The December 2017 AAII Journal is Now Available Online.


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The Individual Investor’s Guide to Personal Tax Planning 2017

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Our annual tax and financial planning guide is designed to help you assess your current tax situation and plan for any changes that may improve your tax liability both this year and next.

Behavioral Finance »

How Human Behavior Differs From Traditional Economic Models

Economic models error by treating humans as making optimal choices when in reality supposedly irrelevant factors have a big impact.

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Briefly Noted

Current news items of interest to individual investors.


Members comment on our special issue highlighting James Cloonan’s founding of AAII and his contribution to the education of individual investors over the years, as he prepares to retire.

AAII Journal 2017 Index of Articles

A comprehensive listing of the articles that have appeared in the AAII Journal this year.

Editor’s Note:

AAII Journal Editor photoThis issue features our annual tax guide. It was finalized just a few days after the House of Representatives passed its version of the Tax Cuts and Jobs Act (TCJA)—better known to most of you as simply the tax reform bill. Our guide covers both the 2017 and the 2018 tax year. Yes, I said the 2018 tax year.

How did I know what data to use for the 2018 tax year? I went with what was a certainty at the time of our deadline (November 20, 2017) and left out what was speculative. The possibility of significant revisions to the guide being necessary is something I’m fully aware of. By the time you read this, the information for 2018 tax rates, exemptions and deductions may well be incorrect. Then again, it could all still be accurate. I’m not going to make a prediction that could prove to be laughable in hindsight. Rather, I’m going to simply be cognizant of the known unknowns and promise you that a revised version of the guide will be published if a significant change to the tax code is passed by Congress.

The model I’m using for this issue is based on our experience in 2012 with the then-threatened fiscal cliff. As some of you may recall, a political standoff threatened to cause both a hike in taxes and cuts in spending. I postponed including the tax guide in the December 2012 AAII Journal in the hope of a resolution being reached before Christmas. Waiting until January 2013 to publish our annual guide turned out to be the wrong decision. Potentially helpful year-end data was not sent out until after 2012 had ended, and we still had to turn around and publish an amended version of the tax guide in the March 2013 issue.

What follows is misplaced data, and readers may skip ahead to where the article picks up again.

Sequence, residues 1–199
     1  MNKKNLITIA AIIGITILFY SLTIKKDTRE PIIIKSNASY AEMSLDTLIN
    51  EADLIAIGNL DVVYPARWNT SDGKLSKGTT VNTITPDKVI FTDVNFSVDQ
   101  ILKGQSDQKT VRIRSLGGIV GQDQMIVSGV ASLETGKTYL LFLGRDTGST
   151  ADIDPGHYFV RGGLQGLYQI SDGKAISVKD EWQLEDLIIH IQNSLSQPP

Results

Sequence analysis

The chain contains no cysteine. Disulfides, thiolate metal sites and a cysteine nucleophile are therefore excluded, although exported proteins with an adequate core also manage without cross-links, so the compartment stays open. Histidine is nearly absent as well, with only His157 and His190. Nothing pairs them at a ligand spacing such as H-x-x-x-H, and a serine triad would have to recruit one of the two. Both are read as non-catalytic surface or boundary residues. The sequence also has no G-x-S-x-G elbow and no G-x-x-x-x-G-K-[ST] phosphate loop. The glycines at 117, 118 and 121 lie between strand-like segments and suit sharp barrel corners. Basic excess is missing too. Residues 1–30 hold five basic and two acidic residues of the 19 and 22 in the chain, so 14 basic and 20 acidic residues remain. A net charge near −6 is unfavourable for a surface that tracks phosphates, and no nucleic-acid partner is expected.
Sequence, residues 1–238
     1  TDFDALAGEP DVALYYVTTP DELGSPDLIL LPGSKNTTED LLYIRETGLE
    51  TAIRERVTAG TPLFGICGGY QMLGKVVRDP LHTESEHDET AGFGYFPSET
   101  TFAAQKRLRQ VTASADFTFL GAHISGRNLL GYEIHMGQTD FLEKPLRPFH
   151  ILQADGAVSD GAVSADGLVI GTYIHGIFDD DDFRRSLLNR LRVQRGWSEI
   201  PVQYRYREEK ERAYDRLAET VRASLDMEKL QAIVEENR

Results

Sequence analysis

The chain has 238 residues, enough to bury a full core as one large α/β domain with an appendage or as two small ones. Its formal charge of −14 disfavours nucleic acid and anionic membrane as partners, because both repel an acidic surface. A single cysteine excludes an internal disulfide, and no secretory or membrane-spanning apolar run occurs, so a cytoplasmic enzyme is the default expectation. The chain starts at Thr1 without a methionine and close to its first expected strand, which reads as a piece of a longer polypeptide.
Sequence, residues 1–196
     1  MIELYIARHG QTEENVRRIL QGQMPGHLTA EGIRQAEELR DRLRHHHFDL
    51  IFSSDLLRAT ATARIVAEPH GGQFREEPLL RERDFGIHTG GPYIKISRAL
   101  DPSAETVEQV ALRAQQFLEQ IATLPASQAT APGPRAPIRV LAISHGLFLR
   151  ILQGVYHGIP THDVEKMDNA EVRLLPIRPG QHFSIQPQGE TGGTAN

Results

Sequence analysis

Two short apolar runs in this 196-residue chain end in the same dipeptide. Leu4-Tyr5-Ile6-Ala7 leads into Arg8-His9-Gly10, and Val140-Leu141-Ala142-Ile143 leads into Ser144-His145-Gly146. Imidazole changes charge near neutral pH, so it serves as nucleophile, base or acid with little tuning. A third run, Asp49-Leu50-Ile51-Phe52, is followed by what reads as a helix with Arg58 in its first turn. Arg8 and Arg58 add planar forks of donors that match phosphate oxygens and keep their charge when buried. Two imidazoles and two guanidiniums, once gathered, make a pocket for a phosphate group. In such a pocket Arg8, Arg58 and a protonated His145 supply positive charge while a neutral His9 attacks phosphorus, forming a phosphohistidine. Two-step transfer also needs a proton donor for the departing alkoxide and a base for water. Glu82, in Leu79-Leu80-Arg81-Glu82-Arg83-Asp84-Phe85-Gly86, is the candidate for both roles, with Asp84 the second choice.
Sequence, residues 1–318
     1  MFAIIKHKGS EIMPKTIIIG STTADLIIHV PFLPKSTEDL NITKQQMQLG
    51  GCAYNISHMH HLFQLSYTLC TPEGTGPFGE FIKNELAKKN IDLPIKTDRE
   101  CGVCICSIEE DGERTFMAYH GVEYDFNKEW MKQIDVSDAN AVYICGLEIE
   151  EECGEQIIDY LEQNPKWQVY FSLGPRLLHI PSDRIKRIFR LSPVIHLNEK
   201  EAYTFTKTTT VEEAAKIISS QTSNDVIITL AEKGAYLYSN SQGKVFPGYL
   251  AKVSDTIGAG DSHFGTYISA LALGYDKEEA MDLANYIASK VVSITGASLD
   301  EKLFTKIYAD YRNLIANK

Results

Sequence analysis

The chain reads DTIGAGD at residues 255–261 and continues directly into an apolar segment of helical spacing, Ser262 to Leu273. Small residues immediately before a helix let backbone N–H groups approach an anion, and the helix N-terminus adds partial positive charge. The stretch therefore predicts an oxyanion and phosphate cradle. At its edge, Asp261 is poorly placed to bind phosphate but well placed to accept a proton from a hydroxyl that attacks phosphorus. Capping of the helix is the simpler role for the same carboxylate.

I’m making a conscious choice not to repeat the same mistake by sticking to our regular schedule of including the annual tax guide in the December issue. The TCJA will not be retroactive, meaning the data for 2017 will not change. As far as 2018 is concerned, we shall see. As I write this, the Republicans are feeling pressure to pass a bill before Christmas—an artificial deadline placed upon them by donors, commentators, party stalwarts and self-created pressure. Whether the Republicans will be able to muster the necessary votes in the Senate (assuming the Democrats stay unified in opposition) and then agree on a bill in reconciliation without either violating the deficit cap or losing key votes is an unknown as of press time.

One member suggested I include a table detailing the proposed alterations as we know them at deadline. Due to the differences between the current House and Senate bill, the possibility of alterations and the space limitations of a print publication, I’ve chosen not to. I have noted throughout the guide where things may change, however. From a purely investment standpoint, be aware of the possibility of no longer being able to undo a Roth IRA conversion (a process known as recharacterization), not being able to specify which lots of stock are sold and having interest on private activity bonds taxed. As of press time, there were also proposals to implement new rules on 457 plans (supplemental retirement plans for government workers) and establish an income cap on catch-up contributions for employer-sponsored retirement plans. Check the current version of the legislation to see if these clauses are still included.

On a lighter note, this issue also features an interesting interview with Richard Thaler. Approximately four weeks after Computerized Investing editor Jaclyn McClellan and I sat down with Thaler, he was awarded the Nobel Prize in economics for his work in behavioral finance. We discussed his insights into what influences the decisions people make. Be sure to check out the bonus audio at the end of the interview.

On behalf of everyone at AAII, I wish you a Merry Christmas, a Happy Hanukkah and a very prosperous and healthy new year.


Charles Rotblut, CFA
Editor, AAII Journal


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